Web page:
Off-campus UMass Amherst users: To download campus access theses, please use the following link to log into our proxy server with your UMass Amherst user name and password.
Non-UMass Amherst users: Please talk to your librarian about requesting this thesis through interlibrary loan.
Electrical & Computer Engineering
Master of Science in Electrical and Computer Engineering (M.S.E.C.E.)
Year Degree Awarded
Month Degree Awarded
soft processor, FPGA, multi core, automatic synthesis, application specific customization, scalability
Soft multiprocessor systems exploit the plentiful computational resources available in field programmable devices. By virtue of their adaptability and ability to support coarse grained parallelism, they serve as excellent platforms for rapid prototyping and design space exploration of embedded multiprocessor applications. As complex applications emerge, careful mapping, processor and interconnect customization are critical to the overall performance of the multiprocessor system. In this thesis, we have developed an automated scalable framework to efficiently map applications written in a high-level programmer-friendly language to customizable soft-cores. The framework allows the user to specify the application in a high-level language called Streamit. After an initial analysis of the application, a soft multiprocessor system is generated automatically using a set of customizable SPREE processors which communicate with each other over point-to-point FIFO connections. Several micro-architectural features of the processors are then automatically customized on a per-application basis to improve system area, performance and power consumption. The efficiency and scalability of this approach has been validated using a diverse set of eight audio, video and signal processing benchmarks on soft multiprocessor systems consisting of one to sixteen processors. Results show that generated soft multiprocessor systems consisting of sixteen processors can offer up to 6x speedup over a conventional single processor system. Our experiments with soft multiprocessor interconnection networks show that point-to-point topologies perform approximately 2x better than mesh topologies. Finally, we demonstrate that application-specific customizations on the instruction set, memory size, and inter-processor buffer size can improve the area and performance of the generated soft multiprocessor systems. The developed framework facilitates rapid design space exploration of soft multiprocessors.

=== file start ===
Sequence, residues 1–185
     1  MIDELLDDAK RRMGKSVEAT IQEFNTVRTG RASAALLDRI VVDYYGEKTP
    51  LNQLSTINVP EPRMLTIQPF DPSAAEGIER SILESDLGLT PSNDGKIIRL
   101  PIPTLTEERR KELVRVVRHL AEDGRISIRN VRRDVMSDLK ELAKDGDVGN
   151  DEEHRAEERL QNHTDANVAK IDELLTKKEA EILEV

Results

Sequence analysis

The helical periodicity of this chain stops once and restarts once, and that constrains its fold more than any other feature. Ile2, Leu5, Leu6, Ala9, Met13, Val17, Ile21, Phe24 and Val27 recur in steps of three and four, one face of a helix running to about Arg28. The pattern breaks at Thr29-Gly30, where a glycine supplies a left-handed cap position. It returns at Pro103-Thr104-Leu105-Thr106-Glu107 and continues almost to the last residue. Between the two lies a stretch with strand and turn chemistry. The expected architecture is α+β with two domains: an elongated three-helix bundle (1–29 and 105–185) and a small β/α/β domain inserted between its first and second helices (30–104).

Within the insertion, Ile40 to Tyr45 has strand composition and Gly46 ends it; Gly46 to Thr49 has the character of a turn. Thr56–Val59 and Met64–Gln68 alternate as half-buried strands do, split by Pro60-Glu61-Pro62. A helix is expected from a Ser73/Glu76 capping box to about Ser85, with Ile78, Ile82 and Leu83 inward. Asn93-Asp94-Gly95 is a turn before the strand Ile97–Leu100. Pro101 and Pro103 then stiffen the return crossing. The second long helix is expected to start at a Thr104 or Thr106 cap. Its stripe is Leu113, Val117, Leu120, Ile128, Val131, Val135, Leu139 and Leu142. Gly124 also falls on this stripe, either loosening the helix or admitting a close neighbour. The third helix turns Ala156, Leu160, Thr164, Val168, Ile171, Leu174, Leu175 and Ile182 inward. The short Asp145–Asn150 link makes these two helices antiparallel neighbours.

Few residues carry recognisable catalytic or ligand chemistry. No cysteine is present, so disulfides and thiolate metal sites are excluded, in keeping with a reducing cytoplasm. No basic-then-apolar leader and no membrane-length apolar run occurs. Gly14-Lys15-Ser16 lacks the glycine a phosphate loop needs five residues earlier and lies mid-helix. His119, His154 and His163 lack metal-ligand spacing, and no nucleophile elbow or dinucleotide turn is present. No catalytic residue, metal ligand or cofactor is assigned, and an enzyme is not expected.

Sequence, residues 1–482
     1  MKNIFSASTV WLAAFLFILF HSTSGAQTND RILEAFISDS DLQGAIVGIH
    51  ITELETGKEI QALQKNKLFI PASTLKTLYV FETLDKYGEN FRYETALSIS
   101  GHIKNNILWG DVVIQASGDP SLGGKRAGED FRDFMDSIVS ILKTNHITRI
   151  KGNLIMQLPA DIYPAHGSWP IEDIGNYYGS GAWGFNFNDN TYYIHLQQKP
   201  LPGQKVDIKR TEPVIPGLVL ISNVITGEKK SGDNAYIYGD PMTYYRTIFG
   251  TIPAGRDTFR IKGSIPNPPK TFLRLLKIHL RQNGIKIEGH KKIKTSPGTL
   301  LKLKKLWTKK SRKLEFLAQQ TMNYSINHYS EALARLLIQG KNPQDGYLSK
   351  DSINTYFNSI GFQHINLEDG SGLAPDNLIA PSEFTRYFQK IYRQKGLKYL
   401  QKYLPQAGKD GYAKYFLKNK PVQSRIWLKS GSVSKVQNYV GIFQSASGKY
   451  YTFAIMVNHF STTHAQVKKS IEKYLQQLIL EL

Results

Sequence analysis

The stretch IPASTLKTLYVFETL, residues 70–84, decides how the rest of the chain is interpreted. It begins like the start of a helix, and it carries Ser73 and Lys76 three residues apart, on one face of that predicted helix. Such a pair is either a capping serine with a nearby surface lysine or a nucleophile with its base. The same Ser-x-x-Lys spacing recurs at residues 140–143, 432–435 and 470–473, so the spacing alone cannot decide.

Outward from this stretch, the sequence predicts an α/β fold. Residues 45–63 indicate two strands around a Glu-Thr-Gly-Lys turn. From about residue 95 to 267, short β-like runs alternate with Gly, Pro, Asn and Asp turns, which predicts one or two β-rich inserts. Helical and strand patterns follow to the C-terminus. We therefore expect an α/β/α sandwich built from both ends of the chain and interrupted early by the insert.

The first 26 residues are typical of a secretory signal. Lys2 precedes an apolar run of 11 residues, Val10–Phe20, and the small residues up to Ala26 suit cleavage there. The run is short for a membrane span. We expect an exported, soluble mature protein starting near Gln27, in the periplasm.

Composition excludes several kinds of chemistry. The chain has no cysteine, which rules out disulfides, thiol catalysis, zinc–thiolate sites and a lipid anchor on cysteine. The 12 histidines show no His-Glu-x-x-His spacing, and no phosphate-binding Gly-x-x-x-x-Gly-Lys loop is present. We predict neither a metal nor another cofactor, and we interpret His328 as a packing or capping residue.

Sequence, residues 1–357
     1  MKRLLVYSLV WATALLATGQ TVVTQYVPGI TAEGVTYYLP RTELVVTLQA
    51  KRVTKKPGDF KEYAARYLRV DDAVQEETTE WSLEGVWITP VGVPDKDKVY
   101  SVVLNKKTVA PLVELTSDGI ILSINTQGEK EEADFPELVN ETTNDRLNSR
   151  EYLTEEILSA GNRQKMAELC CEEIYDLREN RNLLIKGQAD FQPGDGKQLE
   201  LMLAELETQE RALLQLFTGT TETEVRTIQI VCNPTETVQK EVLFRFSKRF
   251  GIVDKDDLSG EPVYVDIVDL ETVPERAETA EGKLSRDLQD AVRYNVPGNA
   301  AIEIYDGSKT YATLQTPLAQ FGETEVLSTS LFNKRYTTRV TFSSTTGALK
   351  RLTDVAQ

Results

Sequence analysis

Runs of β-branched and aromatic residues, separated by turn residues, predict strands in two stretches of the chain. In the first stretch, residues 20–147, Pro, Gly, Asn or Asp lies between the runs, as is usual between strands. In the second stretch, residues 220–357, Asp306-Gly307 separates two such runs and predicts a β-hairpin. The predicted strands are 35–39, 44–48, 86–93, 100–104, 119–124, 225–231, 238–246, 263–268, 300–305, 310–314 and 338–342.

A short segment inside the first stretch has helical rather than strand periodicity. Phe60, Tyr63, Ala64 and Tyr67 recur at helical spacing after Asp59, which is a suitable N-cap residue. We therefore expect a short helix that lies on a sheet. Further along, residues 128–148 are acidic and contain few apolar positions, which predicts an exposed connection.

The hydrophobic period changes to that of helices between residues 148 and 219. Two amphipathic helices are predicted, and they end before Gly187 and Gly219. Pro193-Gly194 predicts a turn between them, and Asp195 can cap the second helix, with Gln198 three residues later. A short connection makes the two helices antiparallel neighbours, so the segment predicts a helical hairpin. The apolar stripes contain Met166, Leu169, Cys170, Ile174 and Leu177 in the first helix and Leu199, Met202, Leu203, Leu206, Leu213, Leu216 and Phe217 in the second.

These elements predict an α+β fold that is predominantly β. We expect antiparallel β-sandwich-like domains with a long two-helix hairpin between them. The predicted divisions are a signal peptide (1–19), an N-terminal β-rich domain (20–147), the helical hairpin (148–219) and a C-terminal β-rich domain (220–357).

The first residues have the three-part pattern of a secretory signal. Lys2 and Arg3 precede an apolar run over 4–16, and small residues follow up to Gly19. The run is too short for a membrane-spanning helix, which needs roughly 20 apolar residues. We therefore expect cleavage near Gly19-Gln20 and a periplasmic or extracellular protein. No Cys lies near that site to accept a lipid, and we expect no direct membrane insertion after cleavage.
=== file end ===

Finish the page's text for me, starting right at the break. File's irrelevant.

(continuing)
Advisor(s) or Committee Chair
Tessier, Russell G